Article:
Archive for August 2020


What would core PCE futures price targeting look like?

Here’s a conjecture. Core PCE futures targeting would look a lot like NGDP targeting. Not NGDP futures targeting, rather it would look like a monetary policy that stabilized current NGDP. In other words, a lot of the volatility of core PCE inflation is due to NGDP volatility, with NGDP impacting core PCE with a lag. Alternatively, stabilizing NGDP growth would provide quite stable core inflation, indeed even more stable core inflation than what we had during the “Great Moderation”, a period when the Fed was actually trying to stabilize inflation.

Just eyeballing the graph, it looks to me like core PCE inflation (blue line) typically starts falling about a year after NGDP growth (red line) begins to decline. (Focus on the NGDP slowdowns of 1979-80, 1990-91, 2000-01, and 2007-08.)

Think of core PCE as the part of the price level mostly made up of sticky prices, or alternatively those prices that are closely linked to wage costs. Thus wage costs do not determine oil or food prices in the short run, but do heavily influence the price of haircuts and restaurant meals.

[Note: There is a slight flaw in measured core inflation, as even the core includes some energy prices, which indirectly impact other production costs. Thus oil shocks slightly impact even core inflation, albeit much less than they impact headline inflation.]

When there is a tight money policy, both output and commodity prices immediately fall. Sticky goods prices (and wages) are not immediately affected.

A number of researchers have pointed out that monetary policy should try to stabilize the stickiest prices. That might be core inflation, or (as Greg Mankiw and Ricardo Reis argued) wage inflation. But that’s not easy to do, as sticky wages and prices respond slowly. It’s like trying to steer an ocean liner where the ship takes 15 minutes to respond after moving the steering wheel.

Thus you want to target the thing that is closely linked to future values of the sticky index that you are trying to target. That might be a futures contract linked to the core PCE, but it also might be current NGDP.

Of course even current NGDP is hard to control, which is why I’ve called for assistance from NGDP futures markets, notably my “guardrails” approach. But at least NGDP responds much more quickly than core inflation, and hence is a better target for avoiding short run instability. In mid-2008, there was an obvious NGDP problem, but no obvious core inflation problem. Keynesians rely on Phillips curve models to solve this problem, but NGDP is more reliable.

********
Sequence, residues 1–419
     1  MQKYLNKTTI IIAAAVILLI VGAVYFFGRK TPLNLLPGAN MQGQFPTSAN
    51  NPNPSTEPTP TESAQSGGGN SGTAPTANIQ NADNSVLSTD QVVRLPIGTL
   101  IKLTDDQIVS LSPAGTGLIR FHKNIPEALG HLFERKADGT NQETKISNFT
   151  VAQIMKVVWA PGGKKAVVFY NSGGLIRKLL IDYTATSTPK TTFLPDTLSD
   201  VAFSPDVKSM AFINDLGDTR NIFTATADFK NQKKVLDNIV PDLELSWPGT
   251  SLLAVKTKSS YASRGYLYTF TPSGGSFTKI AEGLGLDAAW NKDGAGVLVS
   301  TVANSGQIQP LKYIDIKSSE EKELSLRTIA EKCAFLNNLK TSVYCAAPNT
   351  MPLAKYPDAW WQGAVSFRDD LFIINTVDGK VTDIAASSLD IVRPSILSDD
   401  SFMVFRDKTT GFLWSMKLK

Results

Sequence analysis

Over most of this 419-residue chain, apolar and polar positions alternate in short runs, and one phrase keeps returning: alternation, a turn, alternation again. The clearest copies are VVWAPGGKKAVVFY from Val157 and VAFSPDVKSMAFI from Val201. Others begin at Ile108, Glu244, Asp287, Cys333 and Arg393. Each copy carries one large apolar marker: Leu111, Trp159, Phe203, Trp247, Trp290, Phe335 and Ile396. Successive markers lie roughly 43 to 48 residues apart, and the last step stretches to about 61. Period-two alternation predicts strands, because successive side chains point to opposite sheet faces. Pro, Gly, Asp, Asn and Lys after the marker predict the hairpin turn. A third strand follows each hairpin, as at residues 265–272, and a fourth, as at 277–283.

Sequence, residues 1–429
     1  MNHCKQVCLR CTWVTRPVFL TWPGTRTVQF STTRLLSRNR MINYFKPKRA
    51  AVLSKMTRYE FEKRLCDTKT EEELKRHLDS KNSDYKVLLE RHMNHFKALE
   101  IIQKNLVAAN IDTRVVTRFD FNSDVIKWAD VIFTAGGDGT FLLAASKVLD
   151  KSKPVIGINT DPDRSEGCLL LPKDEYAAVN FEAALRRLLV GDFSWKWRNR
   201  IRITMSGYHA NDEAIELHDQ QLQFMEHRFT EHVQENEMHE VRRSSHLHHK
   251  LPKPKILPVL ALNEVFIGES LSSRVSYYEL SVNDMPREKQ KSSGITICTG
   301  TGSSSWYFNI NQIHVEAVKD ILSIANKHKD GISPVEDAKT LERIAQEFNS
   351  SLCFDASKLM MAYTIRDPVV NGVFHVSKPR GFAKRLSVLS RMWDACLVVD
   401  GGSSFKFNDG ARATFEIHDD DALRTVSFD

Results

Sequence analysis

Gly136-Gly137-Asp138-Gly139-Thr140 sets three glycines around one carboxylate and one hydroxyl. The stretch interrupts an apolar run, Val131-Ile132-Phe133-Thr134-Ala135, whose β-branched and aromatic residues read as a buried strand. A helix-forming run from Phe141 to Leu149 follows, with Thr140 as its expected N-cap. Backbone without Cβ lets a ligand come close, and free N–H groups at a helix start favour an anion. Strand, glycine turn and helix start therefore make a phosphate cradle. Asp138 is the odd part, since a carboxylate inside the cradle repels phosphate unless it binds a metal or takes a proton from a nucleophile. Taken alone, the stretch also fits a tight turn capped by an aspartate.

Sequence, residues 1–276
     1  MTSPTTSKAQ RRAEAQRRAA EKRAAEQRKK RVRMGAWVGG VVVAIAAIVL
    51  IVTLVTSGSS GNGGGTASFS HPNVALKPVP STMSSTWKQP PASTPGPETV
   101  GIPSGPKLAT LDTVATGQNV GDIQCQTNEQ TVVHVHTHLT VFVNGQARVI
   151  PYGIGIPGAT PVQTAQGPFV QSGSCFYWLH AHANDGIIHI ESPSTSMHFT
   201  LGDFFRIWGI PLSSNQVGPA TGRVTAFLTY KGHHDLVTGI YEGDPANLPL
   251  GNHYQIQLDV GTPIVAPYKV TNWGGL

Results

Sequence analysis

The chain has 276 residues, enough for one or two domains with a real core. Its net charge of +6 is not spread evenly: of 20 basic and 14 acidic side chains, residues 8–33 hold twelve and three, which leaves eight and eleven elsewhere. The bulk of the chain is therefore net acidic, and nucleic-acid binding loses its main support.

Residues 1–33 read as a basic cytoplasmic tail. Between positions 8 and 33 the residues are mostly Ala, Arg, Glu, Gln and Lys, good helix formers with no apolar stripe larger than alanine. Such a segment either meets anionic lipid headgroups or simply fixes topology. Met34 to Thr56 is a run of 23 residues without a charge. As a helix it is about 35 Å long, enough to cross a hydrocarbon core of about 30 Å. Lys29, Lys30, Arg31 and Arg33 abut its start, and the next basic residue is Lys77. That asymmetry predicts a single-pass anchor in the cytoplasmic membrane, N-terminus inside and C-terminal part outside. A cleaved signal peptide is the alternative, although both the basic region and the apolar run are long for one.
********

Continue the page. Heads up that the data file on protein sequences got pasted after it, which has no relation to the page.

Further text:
The (supposed) downside of targeting NGDP is that it allows a bit more variation in long run core inflation, even if it’s more stabilizing for the economy at cyclical frequencies. That “downside” is actually a feature not a bug, as George Selgin demonstrated in Less Than Zero. But even if it were a bug, it’s likely that the benefits of greater cyclical core inflation stability vastly exceed the downside of slightly bigger variations in the long run trend rate of core inflation, even if New Keynesian models are correct that PCE core inflation is the appropriate monetary policy target.

You want stable core inflation? Target per capita NGDP growth.

PS. This post does not apply to the Covid-19 economy. For that, you’d want to target NGDP at least 12 months forward, maybe 24 months.

PPS. I could have written the same post, replacing core inflation with wage inflation (blue line). It also lags behind NGDP growth (red line):

Recent articles

1. We have decided to punish the victims of Chinese repression:

Hong Kong will formally challenge a US demand that it changes the way it labels its exports as the city grapples with the international fallout from Beijing’s imposition of a tough national security law on the territory.

The territory’s government said that new US rules — which require that products exported from Hong Kong to the US are labelled “Made in China” — breached World Trade Organization rules and that it “will take action” as a result. . . .

“US’s new rule on origin marking of Hong Kong products disregards Hong Kong’s status as a separate WTO member and violates WTO rules,” a spokesperson for Hong Kong’s commerce and economic development bureau said in this week.

In contrast, Britain is trying to help Hong Kong residents by allowing them the freedom to move to the UK.

2. Florida police are a bunch of perverts, who like to secretly watch videotapes of grandma getting a massage:

New York lawyer Joseph Tacopina, who said he represents at least 31 individuals who were taped despite receiving only legitimate massages at Orchids of Asia Day Spa, filed a class-action lawsuit in April 2019 and has been battering the surveillance actions of the authorities for more than a year. The Kraft victories have likely strengthened future class-action suits in the case, not to mention general precedent in similar cases.